How Big Tech became Big Brother

Like Facebook and Twitter before it, Amazon is now embracing censorship.

Tim Black

Tim Black

Topics Books Culture Free Speech Science & Tech USA

This is a bit of random text from Kyle to test the new global option to add a message at the top of every article. This bit is linked somewhere.

Over the past 18 months, reports the New York Times, Amazon has been removing certain racist and neo-Nazi titles from sale. Two books by David Duke, the former leader of the Ku Klux Klan, have gone. As have several screeds by George Lincoln Rockwell, the founder of the American Nazi Party, and some other anti-Semitic dirges.

This should worry anyone who cares about freedom. Not because the loss of racist texts from Amazon’s virtual shelves is anything to mourn. It’s not. But because the tolerance of views one may hate is the cornerstone of free speech. It is what makes it work as a collective endeavour, establishing what’s true and good. Views, even cherished ones, should constantly be put to the test in conflict with others. Start stamping out the prejudices of a few, and you’ll soon find that everyone shares the prejudices of the many.

Besides, while much contemporary censorship starts with demands that Nazis be shut down, it never stops there. It always escalates, silencing other views also deemed ‘hateful’ or ‘offensive’. Especially when the guidelines underpinning the acts of censorship are as opaque as Amazon’s – it merely says that books for sale on its site ‘should provide a positive customer experience’.

Indeed, the expansion of the censor’s remit at Amazon has already begun. As the NYT explains, Amazon even approved the removal of all Nazi imagery from a tribute book to its own Nazi-themed show, The Man in the High Castle, a counterfactual drama depicting a US in which the Axis powers won the Second World War. As the book’s copyright page explained, it removed all Nazi iconogaphy, because it did not want to ‘perpetuate the distribution of the symbols of oppression’. Why stop at The Man in the High Castle, though? What about the barely veiled allusions to the Third Reich in the Star Wars franchise?

And that’s the point. The escalation of censorship is built in. Regulation of what we can say, see, hear and read always begets further regulation. Especially in the tech world, where content filters constantly throw up the possibility of their own expanded application. Today, fascists. Tomorrow, feminists, trans-exclusionary or otherwise. And, with each stroke of the censor’s pen, the parameters of permitted speech and expression narrow.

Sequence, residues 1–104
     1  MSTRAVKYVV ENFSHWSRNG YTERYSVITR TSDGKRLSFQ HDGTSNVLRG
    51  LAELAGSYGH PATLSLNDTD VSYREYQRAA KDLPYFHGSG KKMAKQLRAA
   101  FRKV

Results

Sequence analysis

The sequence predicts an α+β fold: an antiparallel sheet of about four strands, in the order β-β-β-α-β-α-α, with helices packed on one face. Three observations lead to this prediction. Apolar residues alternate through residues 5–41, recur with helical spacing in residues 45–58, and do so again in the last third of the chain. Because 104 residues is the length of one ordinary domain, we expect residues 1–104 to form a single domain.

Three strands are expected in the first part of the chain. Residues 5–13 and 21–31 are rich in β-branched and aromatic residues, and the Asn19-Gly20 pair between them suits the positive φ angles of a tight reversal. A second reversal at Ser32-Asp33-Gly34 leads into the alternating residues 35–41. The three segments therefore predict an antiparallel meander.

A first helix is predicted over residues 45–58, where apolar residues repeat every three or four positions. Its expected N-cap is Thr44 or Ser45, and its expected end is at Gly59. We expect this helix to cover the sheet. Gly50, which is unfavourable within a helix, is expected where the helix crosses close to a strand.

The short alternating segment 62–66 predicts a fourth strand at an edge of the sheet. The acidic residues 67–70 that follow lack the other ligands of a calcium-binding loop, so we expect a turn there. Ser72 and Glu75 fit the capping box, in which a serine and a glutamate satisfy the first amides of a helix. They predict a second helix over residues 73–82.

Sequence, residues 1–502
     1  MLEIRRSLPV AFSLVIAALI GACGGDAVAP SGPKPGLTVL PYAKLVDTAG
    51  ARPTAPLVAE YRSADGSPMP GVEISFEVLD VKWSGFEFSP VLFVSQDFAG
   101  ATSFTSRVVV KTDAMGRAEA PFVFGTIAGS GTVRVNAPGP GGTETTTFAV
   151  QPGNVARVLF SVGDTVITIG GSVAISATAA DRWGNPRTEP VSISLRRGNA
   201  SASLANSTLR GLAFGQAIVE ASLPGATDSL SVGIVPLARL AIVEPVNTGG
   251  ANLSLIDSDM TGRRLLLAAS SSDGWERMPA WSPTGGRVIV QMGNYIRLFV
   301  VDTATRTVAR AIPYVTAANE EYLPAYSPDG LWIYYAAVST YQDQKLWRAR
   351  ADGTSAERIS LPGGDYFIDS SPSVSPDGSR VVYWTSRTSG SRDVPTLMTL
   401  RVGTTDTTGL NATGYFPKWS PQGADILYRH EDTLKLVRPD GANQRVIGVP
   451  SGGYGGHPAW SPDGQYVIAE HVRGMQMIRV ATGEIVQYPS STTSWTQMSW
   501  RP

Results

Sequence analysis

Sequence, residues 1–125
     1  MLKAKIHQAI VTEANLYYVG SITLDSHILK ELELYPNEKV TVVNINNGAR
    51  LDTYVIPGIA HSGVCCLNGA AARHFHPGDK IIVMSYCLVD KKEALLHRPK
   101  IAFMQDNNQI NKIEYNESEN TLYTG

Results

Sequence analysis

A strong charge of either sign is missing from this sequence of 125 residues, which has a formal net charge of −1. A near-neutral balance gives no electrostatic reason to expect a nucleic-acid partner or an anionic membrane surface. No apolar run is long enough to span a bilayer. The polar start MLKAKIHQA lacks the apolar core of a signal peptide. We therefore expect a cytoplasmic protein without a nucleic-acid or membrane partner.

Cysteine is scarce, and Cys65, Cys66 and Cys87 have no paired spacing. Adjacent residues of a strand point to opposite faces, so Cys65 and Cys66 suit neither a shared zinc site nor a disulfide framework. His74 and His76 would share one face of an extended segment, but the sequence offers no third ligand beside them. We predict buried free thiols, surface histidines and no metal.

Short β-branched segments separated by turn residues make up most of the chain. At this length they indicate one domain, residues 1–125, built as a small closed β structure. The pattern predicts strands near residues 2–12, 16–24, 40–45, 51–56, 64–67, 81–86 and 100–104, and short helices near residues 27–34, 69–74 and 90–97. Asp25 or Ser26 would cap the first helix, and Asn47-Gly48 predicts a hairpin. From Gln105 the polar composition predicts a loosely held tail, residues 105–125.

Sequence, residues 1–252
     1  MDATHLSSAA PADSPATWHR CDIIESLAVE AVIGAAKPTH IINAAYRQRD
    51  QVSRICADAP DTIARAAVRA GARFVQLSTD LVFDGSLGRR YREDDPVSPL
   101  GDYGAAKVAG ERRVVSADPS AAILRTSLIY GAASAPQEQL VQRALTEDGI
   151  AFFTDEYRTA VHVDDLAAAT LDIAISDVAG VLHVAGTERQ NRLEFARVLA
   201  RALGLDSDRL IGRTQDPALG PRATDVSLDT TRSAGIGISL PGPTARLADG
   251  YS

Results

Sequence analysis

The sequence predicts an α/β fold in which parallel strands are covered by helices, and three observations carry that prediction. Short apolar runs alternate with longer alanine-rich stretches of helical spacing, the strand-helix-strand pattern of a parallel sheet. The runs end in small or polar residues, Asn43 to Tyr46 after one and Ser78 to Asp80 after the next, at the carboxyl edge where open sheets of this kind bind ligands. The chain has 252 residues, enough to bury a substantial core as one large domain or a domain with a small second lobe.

Amazon is beating a well-trodden path, remember. Other members of the tech oligarchy, be it Facebook, Twitter or Google, have already arrived where Amazon, a relative latecomer to the censorship party, is heading.

Take Twitter, for example. The company’s former general counsel once described it as ‘the free-speech wing of the free-speech party’. In practice, it still removed content, but it could claim it was only doing so in extremis – when, for example, forced by governments to act in accordance with local law.

But its commitment to free speech has withered. In 2017, it widened its definition of hateful and harmful behaviour to include affiliation with groups ‘that use or celebrate violence to achieve their aims’. The following year, it prohibited the ‘misgendering or deadnaming of transgender individuals’. And last July, it announced it was expanding its hate-speech rules ‘to include language that dehumanises others on the basis of religion’. Twitter has moved, effectively, from censoring support for ISIS to giving a woke gloss to blasphemy laws.

The direction of travel is unmistakable: it is towards ever-more regulated speech. And few are moving as fast as Facebook. Its CEO, Mark Zuckerberg, used to retort to those demanding greater regulation of Facebook that it was a platform, not a publisher. It therefore had no editorial responsibility for its user-generated content.